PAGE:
Because of New Mexico's water-quality act, the state has been monitoring pollution from dairies since about 1980, shortly after the first of several California dairies moved to a depopulated stretch of U.S. Route 80, now Interstate 10, between Las Cruces and the Texas border. Today, over a dozen dairies and tens of thousands of cows crush together along a 10-mile stretch of highway here that locals call Dairy Row.
In areas around Dairy Row, nitrate levels in drinking water exceed safety standards, and many people purchase bottled water. In 2007, the federal Environmental Protection Agency accused 11 local dairies of violating the Clean Water Act by not keeping proper records on waste management and disposal, and ordered them to comply immediately.
Martin sees better regulations as an issue of fairness, particularly for the rural and low-income areas where such facilities tend to locate. "If I find out that the mozzarella cheese in my pizza comes from a facility that has destroyed the groundwater for fifth- and sixth-generation Hispanics in New Mexico, it makes me sick to my stomach. ... I thinkat the end of the day, everyone would like to go to bed knowing that there isn't one person suffering, or child ill, because I had a Big Mac today."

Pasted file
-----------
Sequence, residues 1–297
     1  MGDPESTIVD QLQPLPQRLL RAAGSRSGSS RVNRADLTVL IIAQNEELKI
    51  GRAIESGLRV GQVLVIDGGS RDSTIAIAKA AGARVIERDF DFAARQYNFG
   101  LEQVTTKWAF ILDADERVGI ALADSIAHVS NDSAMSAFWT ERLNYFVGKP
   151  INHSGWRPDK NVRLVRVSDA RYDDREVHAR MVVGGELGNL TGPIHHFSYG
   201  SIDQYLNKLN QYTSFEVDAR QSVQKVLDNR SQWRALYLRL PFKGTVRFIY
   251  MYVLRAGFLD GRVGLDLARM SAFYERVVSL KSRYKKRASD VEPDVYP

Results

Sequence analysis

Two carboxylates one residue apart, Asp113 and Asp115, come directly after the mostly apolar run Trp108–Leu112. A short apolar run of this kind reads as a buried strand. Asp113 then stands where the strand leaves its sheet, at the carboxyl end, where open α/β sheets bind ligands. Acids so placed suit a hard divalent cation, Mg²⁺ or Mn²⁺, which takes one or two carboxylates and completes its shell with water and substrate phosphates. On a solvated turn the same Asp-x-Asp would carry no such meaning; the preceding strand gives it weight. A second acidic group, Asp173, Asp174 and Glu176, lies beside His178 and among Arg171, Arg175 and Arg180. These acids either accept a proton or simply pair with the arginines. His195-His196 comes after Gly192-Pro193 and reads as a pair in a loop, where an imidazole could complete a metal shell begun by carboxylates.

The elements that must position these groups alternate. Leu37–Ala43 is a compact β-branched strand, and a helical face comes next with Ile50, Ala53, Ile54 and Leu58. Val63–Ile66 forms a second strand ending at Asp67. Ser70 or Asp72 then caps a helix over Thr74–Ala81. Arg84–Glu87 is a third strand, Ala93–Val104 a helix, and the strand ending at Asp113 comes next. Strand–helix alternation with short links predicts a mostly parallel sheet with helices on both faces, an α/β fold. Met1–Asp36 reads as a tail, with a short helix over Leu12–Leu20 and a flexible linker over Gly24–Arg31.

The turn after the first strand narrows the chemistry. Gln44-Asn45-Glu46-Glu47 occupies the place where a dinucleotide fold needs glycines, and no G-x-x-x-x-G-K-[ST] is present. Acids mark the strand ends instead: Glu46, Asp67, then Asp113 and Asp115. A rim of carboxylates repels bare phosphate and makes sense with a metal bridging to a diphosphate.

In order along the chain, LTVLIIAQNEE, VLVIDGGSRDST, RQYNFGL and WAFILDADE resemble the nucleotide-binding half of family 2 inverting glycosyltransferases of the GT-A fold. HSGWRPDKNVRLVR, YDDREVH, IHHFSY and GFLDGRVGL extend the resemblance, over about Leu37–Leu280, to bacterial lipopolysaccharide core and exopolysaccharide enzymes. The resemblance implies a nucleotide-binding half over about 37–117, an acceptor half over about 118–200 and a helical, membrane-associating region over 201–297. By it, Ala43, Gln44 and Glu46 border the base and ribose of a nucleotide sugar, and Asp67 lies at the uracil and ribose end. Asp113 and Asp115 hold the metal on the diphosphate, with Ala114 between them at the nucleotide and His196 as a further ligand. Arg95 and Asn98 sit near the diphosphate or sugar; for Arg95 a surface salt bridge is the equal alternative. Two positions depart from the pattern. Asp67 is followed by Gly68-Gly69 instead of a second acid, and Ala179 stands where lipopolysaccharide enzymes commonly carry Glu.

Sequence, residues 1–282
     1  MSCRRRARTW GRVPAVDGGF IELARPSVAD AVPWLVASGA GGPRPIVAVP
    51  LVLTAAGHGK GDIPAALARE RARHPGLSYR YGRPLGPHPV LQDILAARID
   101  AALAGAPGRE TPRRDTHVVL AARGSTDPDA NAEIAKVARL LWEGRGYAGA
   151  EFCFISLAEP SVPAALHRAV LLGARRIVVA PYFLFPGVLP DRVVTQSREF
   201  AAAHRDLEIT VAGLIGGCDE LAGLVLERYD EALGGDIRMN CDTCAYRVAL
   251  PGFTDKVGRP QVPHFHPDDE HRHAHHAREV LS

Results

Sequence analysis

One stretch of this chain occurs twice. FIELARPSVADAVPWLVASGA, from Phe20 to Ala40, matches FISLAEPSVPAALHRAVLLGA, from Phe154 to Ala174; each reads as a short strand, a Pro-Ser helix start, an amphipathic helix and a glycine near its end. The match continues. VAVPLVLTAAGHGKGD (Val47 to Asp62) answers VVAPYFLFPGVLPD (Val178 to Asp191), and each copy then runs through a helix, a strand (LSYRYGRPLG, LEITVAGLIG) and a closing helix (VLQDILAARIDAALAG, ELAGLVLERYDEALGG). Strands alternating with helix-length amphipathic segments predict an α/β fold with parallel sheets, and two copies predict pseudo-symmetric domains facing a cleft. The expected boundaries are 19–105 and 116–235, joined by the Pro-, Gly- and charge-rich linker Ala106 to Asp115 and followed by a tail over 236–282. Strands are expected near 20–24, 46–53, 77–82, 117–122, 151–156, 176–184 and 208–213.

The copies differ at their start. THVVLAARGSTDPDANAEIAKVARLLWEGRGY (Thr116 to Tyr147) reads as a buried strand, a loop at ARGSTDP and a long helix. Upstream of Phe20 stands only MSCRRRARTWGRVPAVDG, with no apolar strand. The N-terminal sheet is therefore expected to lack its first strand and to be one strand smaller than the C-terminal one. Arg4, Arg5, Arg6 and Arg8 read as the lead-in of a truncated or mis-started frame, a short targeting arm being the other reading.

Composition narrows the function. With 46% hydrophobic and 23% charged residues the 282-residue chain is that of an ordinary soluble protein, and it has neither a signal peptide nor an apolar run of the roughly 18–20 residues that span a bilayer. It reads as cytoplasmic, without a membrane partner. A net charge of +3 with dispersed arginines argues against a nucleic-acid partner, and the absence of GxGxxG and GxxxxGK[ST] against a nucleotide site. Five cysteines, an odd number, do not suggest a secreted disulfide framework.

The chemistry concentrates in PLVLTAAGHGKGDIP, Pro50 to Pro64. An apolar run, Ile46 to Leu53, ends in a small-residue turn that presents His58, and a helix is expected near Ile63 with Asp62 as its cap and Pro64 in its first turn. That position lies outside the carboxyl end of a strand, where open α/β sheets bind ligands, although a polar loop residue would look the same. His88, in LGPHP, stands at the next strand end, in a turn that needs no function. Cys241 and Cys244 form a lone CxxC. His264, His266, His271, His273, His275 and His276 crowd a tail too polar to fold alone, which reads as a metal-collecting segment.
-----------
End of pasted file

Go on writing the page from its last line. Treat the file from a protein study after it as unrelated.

Jerry Nivens already knew what keeping so many animals in one place could do. Years ago in Texas, he'd lived near giant beef feedlots in the Panhandle and around dairies near Waco, where he'd seen rivers polluted and towns filled with the stench of untreated manure. (In 2004, Waco sued 14 dairies for polluting the town's drinking water.) Thinking about ParaSol, he says, "I couldn't hardly sleep at night. Things like this are such a destruction to the surrounding area and the environment, you know, they create a sacrifice zone."